- The Hero — The life of the protagonist is clearly divided into a series of well-marked adventures which strongly suggest a ritualistic pattern. The hero’s mother is a virgin, the circumstances of his conception are unusual, and at birth some attempt is made to kill him. These archetypes are seen in such Biblical characters as Joseph, Moses, Elijah, and Jesus Christ.
- The Devil Figure — The evil incarnate character who offers worldly goods, fame, or knowledge to the protagonist in exchange for possession of his soul is found in the Bible and is called Satan.
- The Woman Figure (The Platonic Ideal ) – This woman is a source of inspiration and a spiritual ideal (e.g., the Virgin Mary).
Many important themes, concepts, and symbols are based upon Biblical literature:
God as a Power
Twelve (tribes, apostles)
Courage in the face of great danger
Value of Suffering
Prejudice (racial, political, and religious) Human Nature Faith in Human Nature Triumph from Adversity Poetic Justice
The following is a partial list of the Biblical references with which students must be familiar in order to be considered well-educated:
- BEOWULF — Grendel born of Cain, “God must decide who will be given to death’s cold grip,” hell, battle between good and evil
- MORTE D’ARTHUR –Trinity, Sunday, Jesus, Holy Cross
- THE CANTERBURY TALES — Pardoner contrasted to corrupted church, Christ’s gospel, forgiveness of sins, Holy Sacrament, Fiend, common enemy, perdition, story of Adam, Herod, John the Baptist
- SIR GAWAIN — confession, penance
- EVERYMAN — morality play, “I hanged between two, it cannot be denied”; “Thorns hurt my head.”
- MACBETH — Golgatha, cherubim, Fallen Angel, common enemy of man
- HOLY SONNET 10 — Donne — entire poem
- HOLY SONNET 14 — Donne — “Batter my heart, three-personed God”
- ON MY FIRST SON — Jonson — “Child of my right hand”
- PARADISE LOST — Milton — Adam, Eve, Heavenly Muse, Sinai, Beelzebub, Seraphim, Tarsus, Leviathan
- WHEN I CONSIDER HOW MY LIGHT IS SPENT — Milton — Parable of Talents (Matt. 25:14-30)
- THE PILGRIM’S PROGRESS – Bunyan — Vanity Fair, Celestial City, Beelzebub, Legion, temptation of Christ, Promised Land, I Corinthians 5:10, Prince of Peace
- THOUGHTS IN WESTMINSTER ABBEY — Addison — “I consider the great day when we shall all of us be contemporaries and make our appearance together.”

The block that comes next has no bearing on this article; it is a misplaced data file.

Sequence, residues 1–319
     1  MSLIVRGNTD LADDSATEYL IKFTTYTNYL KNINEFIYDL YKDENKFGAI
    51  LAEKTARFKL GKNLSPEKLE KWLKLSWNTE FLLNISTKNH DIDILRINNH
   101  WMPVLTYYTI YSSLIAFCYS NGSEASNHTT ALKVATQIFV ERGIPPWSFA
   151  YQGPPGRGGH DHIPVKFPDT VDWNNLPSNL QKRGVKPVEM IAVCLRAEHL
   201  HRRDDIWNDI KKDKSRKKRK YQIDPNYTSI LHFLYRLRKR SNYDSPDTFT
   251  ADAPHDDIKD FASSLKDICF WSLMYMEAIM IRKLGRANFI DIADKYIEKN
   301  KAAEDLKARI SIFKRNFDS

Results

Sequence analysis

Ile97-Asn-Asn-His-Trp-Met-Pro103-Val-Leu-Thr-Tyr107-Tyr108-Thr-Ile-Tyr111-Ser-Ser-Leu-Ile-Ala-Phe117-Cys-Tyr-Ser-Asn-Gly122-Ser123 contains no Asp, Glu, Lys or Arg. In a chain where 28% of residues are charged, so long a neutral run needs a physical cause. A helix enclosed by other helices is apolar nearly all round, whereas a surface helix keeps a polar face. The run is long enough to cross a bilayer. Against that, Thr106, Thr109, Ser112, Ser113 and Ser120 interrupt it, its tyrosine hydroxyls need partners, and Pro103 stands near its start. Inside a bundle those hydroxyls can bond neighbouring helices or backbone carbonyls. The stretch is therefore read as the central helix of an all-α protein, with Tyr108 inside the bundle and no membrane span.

- THE RIME OF THE ANCIENT MARINER — Coleridge — forgiveness, penance, blessing, Wedding Guest, Bridegroom
- JANE EYRE — Bronte — salvation; Helen Burns is a symbol of suffering, redemption (Christ-like figure); Mr. Rochester’s punishment, “valley of shadow of death,” remorse, repentance, reconcilement to his maker
- CROSSING THE BAR — Tennyson — “I hope to see my Pilot face to face.”
- PROSPICE — Browning — arch fear, fiend
- RECESSIONAL — Kipling — Psalms 51:17, Romans 2:14
- THE HOLLOW MEN — Eliot — “For thine is the kingdom”
- THE ADVENTURES OF HUCKLEBERRY FINN — Twain – King Solomon, “pray in the closet”
- THE SCARLET LETTER — Hawthorne — Divine Maternity
- A TALE OF TWO CITIES — Dickens — “Recalled to life,” sacrifice, redemption, Carton as the Christ-like figure (John 11:25), blood, forgiveness, power of love
- LE’ MORTE D’ARTHUR — Pentecost
- MORTE D’ARTHUR — Tennyson — “The light that led the holy Elders with the gift of myrrh.”
- MERLIN — Muir — “The furrow drawn by Adam’s finger” — Genesis 1-5
- WATERSHIP DOWN — Adams — The Creation, Noah’s Ark
- OLD MAN AND THE SEA — Hemingway — Santiago (Christ-like figure), the mast, three days at sea
- THE DEVIL AND TOM WALKER — Irving — Old Scratch, the Devil
- THE GRAPES OF WRATH — Rose of Sharon, Exodus from Oklahoma, Noah’s Ark
- THE SECOND COMING — Yeats — birth of Christ, Bethlehem
- THE PEARL — Steinbeck — Hail Mary, tithe
- HUSWIFERY — Taylor — God’s grace
- THE FIRST SEVEN YEARS — Malamud — allusion to Genesis 29
- THE BURNING OF OUR HOUSE — Bradstreet — Job 1:21, Ecclesiastes 1:2
- SINNERS IN THE HANDS OF AN ANGRY GOD — Jonathan Edwards
- THE MASQUE OF RED DEATH — Poe — “out-Heroded Herod,” a thief in the night
- TO KILL A MOCKINGBIRD — Lee –”take this cup from you,” the parable of the good Samaritan, “Who is your neighbor?”
The following Spanish literature is taught as a part of the Advanced Placement curriculum and is filled with Biblical allusions:
· LA CELESTINA –Fernando de Rojas
· El CANTOR DE MÍO — epic poem of Spain
· DON QUIJOTE DE LA MANCHA — Miguel de Cervantes
· LAZARILLO DE TORMES — author unknown
· APOCALIPSIS –Marco Denevi
· EL EVANGELIO SEGÚN MARCOS — Jorge Luis Borges
· LOS DOS REYES Y LOS DOS LABERINTOS – Jorge Luis Borges
· SONETO A CRISTO CRUCIFICADO — anonymous
· UNA CARTA A DIÓS — Gregorio Lopez y Fuentes
· LA LEYENDA DE SANTO DOMINGO DE LA CALZADA
· GENESIS — Marco Denevi
· SAN MANUEL BUENO, MÁRTIR — Miguel de Unamuno
Reading with ease and comprehension forms the cornerstone upon which success in all other school courses is based. Reading the literary classics takes time but opens doors of opportunity and understanding for students. The study of the Bible as literature is fundamental to a student’s education. Biblical allusions exist in the classics as well as in modern literature. Including the study of the Bible gives students a broader understanding of the major works that they will read in school and later in life.
Because the Common Core Standards diminish time spent on the great classic pieces of the world, many of which were written by authors “who cut their teeth” on the Bible, students who largely study informational text through the “close method” will lack an understanding of American exceptionalism. We as Americans must not allow this to happen to our children and grandchildren who are the future of this great nation.